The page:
This past year, I had a frustrating struggle with illness; it was one thing after another.  Whenever he ran into me, Chef would ask how I was, if I’d seen a doctor, if I was ready to go on his fool-proof cheesecake diet that, he’d say, would cure what ailed me.  Sometimes I would go to the cafeteria for a pick-me-up – not for the coffee (although it was always delicious) – but for Chef’s cheerful smile, his noticing! You sound a little less nasally today, he’d say.  And I’d feel like someone despite the rush and hurry of school, despite the stack of marking, the fatigue from illness; I’d feel uplifted and ready again. I was noticed.

And so it was for his students, too.  As one student wrote:  “He knew what all my classes were and made sure I didn't skip any of them. If he caught me in the cafeteria when I wasn't supposed to be there he made me go back to class.”  He noticed.  And his noticing made all the difference for teachers and kids.

What I've learned is that a team, a winning team, always has to notice what’s going on with each other. And that just makes sense if you are going to play as one, if you are going to play for each other, if you play with no ego.  Chef, I realize, showed us how to play as a team: help, pitch in, smile, give each other nick-names (Chef’s specialty), show up, laugh, give bear hugs, notice.  Always.

Most of us aren't very good at noticing.  We see what’s obvious.  We notice the flash and the front-men and women, the people who put on seminars.  We attribute success to outside things, like research-based ideas from some university or exemplary practices from another country.   But success is always inside; it’s the heart of a person, a team, a community.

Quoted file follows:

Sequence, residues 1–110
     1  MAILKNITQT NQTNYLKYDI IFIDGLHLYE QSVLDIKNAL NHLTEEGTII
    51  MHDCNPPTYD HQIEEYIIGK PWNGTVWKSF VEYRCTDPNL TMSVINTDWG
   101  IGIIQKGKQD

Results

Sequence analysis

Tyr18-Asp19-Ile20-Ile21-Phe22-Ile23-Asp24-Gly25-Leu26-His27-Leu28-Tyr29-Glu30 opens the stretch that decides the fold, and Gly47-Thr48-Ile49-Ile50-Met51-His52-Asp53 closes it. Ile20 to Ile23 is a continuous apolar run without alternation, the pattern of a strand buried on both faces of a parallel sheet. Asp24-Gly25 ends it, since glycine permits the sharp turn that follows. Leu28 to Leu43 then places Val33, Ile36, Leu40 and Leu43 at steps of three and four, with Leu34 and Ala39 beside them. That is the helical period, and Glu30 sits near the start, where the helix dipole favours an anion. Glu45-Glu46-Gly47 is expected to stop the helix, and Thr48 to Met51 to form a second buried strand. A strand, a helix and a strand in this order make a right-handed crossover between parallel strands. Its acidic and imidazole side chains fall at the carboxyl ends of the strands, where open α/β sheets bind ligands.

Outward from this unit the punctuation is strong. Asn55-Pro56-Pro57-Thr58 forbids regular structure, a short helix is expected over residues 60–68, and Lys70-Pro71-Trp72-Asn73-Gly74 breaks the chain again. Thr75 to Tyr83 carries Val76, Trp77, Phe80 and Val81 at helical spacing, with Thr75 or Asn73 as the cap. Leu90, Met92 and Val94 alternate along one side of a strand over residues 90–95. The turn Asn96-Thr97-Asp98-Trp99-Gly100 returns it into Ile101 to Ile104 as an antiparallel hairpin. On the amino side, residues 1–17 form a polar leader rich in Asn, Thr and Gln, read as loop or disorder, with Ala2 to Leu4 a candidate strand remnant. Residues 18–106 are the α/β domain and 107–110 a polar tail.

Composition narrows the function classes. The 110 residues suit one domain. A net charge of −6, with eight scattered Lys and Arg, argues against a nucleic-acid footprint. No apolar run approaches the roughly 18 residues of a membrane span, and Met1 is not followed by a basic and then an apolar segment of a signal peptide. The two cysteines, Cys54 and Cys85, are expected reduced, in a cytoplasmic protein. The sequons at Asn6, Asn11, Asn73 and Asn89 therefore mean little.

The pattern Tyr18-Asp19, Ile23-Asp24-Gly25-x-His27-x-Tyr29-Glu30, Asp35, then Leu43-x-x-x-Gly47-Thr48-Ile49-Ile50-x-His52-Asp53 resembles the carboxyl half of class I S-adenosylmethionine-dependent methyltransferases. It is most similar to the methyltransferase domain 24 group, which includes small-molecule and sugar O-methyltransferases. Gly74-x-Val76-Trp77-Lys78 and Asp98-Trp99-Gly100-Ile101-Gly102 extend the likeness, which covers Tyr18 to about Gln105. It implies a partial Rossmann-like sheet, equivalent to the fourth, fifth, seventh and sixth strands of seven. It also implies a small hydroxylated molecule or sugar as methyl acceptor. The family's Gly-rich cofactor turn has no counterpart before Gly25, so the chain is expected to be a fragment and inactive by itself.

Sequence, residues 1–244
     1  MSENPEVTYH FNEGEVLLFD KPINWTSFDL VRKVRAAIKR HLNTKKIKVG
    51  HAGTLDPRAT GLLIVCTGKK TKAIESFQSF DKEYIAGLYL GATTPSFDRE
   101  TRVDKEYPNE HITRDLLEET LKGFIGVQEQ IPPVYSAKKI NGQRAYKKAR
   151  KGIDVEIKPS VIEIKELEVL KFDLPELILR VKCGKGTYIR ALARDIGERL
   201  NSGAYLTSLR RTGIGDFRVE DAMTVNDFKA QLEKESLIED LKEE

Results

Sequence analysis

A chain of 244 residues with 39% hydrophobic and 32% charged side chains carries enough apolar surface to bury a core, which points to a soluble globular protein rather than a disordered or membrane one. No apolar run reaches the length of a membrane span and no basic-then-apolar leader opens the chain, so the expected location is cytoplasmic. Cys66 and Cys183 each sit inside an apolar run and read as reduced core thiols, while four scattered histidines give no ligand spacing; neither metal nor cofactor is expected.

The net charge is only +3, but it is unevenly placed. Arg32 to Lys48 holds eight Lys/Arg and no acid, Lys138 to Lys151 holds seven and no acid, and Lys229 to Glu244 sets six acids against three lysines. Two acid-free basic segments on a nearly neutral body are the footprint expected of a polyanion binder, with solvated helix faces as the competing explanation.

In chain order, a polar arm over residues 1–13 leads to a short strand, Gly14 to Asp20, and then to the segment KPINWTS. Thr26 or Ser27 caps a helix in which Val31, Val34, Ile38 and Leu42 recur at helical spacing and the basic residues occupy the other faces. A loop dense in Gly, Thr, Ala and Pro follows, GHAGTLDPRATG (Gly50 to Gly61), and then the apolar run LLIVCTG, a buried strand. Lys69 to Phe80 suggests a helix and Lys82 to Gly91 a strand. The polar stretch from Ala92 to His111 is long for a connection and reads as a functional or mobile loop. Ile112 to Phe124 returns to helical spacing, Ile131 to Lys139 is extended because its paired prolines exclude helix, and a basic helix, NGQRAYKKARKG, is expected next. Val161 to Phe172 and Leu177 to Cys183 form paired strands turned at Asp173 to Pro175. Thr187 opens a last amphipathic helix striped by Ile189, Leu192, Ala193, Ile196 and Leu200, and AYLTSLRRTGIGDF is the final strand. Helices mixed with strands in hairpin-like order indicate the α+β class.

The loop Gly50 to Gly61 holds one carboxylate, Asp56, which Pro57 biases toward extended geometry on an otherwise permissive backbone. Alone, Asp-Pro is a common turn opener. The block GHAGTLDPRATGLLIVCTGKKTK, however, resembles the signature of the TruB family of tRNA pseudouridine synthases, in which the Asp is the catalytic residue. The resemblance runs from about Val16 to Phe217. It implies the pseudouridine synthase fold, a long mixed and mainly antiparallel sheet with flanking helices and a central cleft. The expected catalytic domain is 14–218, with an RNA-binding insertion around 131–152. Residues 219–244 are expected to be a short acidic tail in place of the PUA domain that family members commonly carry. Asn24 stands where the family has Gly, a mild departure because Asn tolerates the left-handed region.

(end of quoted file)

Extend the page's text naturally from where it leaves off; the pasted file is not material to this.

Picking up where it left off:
One thing I’m only noticing now is that Chef Bruce Chandler was a linchpin: in the complex structure of our school, with his ready laugh, his ever-present smile, his kind eyes, his trays of fruit, gourmet meals, once-a-year poutine, the never-empty pot of coffee, his loving teaching, his willingness to help in every facet of the school’s operation, he kept everyone together.  He made it possible for the staff to play strong every year in a game that matters more than anything else – because each win is a win for our children and for our future.

It isn't enough to say he will be missed.

Sunday, June 2, 2013

What’s the point?

Every day students ask.  Why do we have to learn this? When will I ever use it? What’s the point?  For an English teacher the answer is easy:  we practice communication and no matter what future a student yearns for or settles on, their options improve with improved skills.  At present, though, I’m working on a project that gathers up students who have fallen dangerously behind in a course, but could potentially meet the necessary learning outcomes with an intensive supported personalized project over the next few weeks.  I have one student learning about the consequences of reckless sexual decision making (she never asks about relevance), another learning about family and employment laws (he’s finding the information immediately useful), but the student who is studying the evolution of plants stumped me.  What’s the point?